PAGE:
TOLEDO (AP) — The former operator of seven IHOP restaurants in Ohio and Indiana, including Findlay’s, has pleaded guilty to what the government called a scheme to hide profits from IHOP’s parent company.
Investigators said the plan involved hiring illegal immigrants, manipulating sales figures, and underreporting wages in order to avoid paying taxes along with royalties to the corporation.
Tarek Elkafrawi, 57, of suburban Toledo, owned or operated six IHOP restaurants in northwestern Ohio and one in Evansville, Indiana.
He pleaded guilty Thursday in federal court in Toledo to 53 charges, including conspiracy to commit money laundering, alien harboring, identity theft, and arson. His wife, Kelly Elkafrawi, 51, pleaded guilty to one count each of money laundering and alien harboring.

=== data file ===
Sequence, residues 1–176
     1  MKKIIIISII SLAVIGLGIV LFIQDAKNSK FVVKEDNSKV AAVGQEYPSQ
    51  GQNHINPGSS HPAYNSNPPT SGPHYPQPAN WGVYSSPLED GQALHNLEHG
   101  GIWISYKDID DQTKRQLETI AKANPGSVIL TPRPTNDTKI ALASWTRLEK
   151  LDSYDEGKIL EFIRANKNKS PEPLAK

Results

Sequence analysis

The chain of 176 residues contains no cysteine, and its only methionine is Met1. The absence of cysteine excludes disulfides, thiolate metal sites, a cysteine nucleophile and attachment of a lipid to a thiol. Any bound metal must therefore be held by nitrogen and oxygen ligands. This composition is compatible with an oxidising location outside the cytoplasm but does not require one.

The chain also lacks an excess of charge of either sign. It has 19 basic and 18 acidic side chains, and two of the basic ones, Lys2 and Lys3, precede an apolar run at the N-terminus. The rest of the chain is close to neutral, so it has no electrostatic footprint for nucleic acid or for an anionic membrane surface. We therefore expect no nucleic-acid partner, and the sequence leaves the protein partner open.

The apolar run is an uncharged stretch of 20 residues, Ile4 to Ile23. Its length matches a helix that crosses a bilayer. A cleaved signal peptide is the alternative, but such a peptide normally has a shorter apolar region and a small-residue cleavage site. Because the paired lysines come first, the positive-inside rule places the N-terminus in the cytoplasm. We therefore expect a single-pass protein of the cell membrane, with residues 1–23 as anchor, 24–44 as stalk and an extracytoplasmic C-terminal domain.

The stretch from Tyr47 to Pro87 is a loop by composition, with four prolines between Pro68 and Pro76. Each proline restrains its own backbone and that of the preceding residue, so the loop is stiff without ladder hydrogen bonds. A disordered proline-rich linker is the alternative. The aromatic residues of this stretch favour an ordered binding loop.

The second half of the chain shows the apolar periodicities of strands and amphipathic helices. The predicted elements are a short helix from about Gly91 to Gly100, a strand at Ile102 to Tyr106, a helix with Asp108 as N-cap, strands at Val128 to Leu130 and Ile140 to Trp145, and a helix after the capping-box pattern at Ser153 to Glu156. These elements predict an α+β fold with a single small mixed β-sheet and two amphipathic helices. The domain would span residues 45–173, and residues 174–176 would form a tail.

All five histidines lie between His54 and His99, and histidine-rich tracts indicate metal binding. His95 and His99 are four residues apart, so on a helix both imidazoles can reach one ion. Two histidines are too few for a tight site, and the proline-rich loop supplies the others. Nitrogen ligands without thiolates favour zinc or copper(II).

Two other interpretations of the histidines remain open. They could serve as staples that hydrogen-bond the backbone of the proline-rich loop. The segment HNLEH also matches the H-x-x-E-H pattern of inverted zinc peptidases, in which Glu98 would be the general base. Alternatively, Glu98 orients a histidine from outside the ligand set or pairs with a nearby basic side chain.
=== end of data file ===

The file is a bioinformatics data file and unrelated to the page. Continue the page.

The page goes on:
Elkafrawi’s attorney, Rick Kerger, said he and his client achieved a resolution that served everyone’s interests.
A sentencing date has not been set.
Elkafrawi’s restaurants were raided in 2011 by federal agents. The Elkafrawis and more than a dozen of their employees were indicted in May 2012.
One of the employees, Jose Leon-Gonzalez, in April admitted setting fire to the Findlay restaurant in 2008. He was sentenced to 41 months in prison.
According to federal prosecutors, Leon-Gonzalez set the fire at the direction of Tarek Elkafrawi in order to file a fraudulent insurance claim.
The Findlay IHOP, on Hancock County 236, reopened after the fire, but closed again after the indictments were issued in 2012.
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